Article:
Tahir Elçi

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Tahir Elçi
Tahir Elçi (cropped).jpg
Personal details
Born 1966
Cizre, Şırnak Province, Turkey
Died November 28, 2015(2015-11-28) (aged 48–49)
Diyarbakır, Turkey
Education Law
Occupation Lawyer, activist

Tahir Elçi (1966 – November 28, 2015) was a Kurdish lawyer and the chairman of Diyarbakır Bar Association. He was assassinated in the Sur district of Diyarbakir in southeastern Turkey on 28 November 2015.[1][2] He was shot once in the head while giving a press statement beside the "Four-legged Minaret" of the Sheikh Matar Mosque calling for an end to violence.[1]

Elçi was detained several times and received death threats after saying the banned Kurdistan Workers' Party (PKK) should not be regarded as a terrorist organization.[3] In October 2015, Elçi was detained by Turkish authorities on charges of disseminating "terrorist propaganda" on behalf of the PKK.[1][4] On 23 March 2014, he was the lawyer of the Kuşkonar massacre case in the ECHR, in which Turkey was condemned for massacring Kurdish civilians and blaming the PKK.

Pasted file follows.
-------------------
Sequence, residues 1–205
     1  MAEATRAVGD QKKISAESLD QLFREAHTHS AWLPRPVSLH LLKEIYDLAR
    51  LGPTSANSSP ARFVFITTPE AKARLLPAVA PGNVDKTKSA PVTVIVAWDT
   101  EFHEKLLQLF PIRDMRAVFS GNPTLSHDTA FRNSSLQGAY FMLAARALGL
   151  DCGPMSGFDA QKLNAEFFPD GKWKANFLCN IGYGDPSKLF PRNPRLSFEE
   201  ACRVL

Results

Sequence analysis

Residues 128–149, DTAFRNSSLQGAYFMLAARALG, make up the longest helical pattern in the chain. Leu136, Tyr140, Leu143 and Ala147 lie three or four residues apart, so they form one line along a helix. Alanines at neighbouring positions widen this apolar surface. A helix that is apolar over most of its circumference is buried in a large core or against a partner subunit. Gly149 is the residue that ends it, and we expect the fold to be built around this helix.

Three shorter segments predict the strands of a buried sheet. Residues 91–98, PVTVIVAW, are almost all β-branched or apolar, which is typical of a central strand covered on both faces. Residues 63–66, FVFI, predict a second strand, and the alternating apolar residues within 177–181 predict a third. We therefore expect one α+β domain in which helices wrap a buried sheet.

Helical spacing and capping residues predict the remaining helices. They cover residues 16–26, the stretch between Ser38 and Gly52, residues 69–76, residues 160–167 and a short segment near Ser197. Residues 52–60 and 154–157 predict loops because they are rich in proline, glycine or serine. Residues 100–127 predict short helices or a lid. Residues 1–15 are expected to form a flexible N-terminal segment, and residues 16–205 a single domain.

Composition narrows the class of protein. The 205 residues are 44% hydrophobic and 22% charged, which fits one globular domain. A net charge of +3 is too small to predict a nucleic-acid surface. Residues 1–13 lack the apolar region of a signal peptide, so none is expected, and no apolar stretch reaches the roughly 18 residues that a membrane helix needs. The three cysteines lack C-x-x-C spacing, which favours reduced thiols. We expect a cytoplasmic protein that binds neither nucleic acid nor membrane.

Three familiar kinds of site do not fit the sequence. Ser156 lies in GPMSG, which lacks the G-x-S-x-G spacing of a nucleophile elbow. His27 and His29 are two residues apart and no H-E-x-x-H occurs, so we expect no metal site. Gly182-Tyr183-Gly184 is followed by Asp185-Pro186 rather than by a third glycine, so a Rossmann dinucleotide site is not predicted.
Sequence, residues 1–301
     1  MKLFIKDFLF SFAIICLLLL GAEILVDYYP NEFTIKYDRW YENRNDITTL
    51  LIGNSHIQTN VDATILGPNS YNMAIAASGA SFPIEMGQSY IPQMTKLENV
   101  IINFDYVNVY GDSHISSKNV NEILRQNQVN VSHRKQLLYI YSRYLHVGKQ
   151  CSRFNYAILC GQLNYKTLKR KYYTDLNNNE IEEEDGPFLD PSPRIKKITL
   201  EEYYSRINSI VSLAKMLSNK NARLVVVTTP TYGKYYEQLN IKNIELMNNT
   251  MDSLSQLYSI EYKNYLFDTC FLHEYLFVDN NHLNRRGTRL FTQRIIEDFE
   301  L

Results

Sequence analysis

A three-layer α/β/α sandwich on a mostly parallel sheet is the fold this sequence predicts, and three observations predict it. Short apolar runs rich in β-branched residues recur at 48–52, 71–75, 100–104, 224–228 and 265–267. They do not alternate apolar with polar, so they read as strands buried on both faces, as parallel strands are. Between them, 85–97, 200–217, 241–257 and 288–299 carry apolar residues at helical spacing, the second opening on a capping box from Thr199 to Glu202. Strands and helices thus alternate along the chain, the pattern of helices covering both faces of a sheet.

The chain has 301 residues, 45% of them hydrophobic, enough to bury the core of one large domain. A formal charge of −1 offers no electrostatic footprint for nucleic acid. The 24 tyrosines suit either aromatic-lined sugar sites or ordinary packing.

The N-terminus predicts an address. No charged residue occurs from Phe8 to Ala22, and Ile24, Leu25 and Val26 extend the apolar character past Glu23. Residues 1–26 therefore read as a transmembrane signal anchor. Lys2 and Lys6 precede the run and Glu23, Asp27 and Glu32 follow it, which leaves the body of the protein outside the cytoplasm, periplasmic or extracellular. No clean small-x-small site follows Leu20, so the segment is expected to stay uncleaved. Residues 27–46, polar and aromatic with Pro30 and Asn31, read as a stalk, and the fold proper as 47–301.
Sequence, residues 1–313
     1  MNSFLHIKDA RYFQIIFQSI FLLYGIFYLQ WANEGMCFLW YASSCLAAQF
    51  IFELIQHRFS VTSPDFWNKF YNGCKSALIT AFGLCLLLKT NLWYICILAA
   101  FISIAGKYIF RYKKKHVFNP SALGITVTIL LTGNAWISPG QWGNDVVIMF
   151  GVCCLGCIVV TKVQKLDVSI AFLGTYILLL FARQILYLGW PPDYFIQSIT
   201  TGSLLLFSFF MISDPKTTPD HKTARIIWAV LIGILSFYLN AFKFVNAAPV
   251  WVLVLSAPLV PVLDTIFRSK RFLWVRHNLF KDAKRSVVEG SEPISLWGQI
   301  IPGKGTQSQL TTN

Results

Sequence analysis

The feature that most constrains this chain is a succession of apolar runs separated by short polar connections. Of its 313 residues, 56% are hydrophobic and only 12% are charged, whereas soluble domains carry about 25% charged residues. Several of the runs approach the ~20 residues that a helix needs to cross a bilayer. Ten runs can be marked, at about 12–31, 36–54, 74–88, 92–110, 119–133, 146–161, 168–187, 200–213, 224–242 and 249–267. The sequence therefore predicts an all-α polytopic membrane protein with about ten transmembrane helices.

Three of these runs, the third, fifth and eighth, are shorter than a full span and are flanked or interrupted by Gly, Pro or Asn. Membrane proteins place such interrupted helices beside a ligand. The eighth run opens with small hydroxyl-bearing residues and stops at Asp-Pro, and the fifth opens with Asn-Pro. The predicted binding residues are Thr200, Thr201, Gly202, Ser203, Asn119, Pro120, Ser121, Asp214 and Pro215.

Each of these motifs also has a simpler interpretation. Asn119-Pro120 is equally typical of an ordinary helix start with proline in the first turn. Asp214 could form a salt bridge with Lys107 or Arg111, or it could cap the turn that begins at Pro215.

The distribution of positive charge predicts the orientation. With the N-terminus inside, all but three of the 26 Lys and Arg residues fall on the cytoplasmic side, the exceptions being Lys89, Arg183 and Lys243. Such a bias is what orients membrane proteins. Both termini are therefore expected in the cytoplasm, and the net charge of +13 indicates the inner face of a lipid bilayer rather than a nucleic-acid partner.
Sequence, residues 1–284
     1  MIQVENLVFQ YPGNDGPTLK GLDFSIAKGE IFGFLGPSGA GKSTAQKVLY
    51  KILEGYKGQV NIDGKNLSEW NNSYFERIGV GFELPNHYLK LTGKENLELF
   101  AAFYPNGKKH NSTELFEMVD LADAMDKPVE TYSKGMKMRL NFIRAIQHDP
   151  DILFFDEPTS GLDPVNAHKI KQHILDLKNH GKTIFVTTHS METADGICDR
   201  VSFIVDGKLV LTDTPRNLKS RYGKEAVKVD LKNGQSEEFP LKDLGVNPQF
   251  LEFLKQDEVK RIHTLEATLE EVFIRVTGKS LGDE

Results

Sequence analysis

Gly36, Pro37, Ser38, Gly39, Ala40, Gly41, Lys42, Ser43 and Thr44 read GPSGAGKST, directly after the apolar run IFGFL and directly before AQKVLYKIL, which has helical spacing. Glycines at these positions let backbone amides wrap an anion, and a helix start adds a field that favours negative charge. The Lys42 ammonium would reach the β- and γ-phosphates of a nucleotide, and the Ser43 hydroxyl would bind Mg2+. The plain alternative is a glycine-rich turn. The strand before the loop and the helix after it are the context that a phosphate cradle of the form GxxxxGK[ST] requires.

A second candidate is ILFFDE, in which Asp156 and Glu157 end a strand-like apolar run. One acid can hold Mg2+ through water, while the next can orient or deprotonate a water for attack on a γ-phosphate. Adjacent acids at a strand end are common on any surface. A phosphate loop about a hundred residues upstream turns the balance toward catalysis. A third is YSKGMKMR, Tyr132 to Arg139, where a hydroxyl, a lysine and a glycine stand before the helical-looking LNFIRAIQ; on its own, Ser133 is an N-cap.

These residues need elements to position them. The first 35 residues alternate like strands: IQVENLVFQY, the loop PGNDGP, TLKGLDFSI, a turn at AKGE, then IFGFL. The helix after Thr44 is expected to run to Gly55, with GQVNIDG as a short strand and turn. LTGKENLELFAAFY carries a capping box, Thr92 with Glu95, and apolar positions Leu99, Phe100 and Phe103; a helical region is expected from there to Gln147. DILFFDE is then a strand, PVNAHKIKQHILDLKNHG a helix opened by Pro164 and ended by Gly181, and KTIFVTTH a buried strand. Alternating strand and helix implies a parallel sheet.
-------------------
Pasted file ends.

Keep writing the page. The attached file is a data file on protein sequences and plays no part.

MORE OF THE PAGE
Controversy surrounding death[edit]

The Peoples' Democratic Party (HDP) called the shooting a "planned assassination," and protests erupted in Turkey after Elçi's killing.[1] Elçi's brother Ahmet Elçi was quoted as saying that his brother was "murdered by the state."[5] A Turkish official later issued a statement saying that "we aren't ruling out the possibility that a third party directly targeted him."[3] Turkish authorities claim that the PKK might be behind the assassination.[6] In June 2016, Turkish authorities claimed that a captured militant have witnessed PKK militants Uğur Yakışır and Mahsum Gürkhan open fire upon Tahir Elçi the moment he collapsed dead.[7][8][9]

Anti-government protests in Turkey with crowds shouting "You can't kill us all" followed the attack.[1][3]

The HDP leader Selahattin Demirtaş claimed in his interview on IMC TV that according to their investigators, the bullet which killed Tahir Elçi was fired by a Turkish police officer.[10]

See also[edit]

References[edit]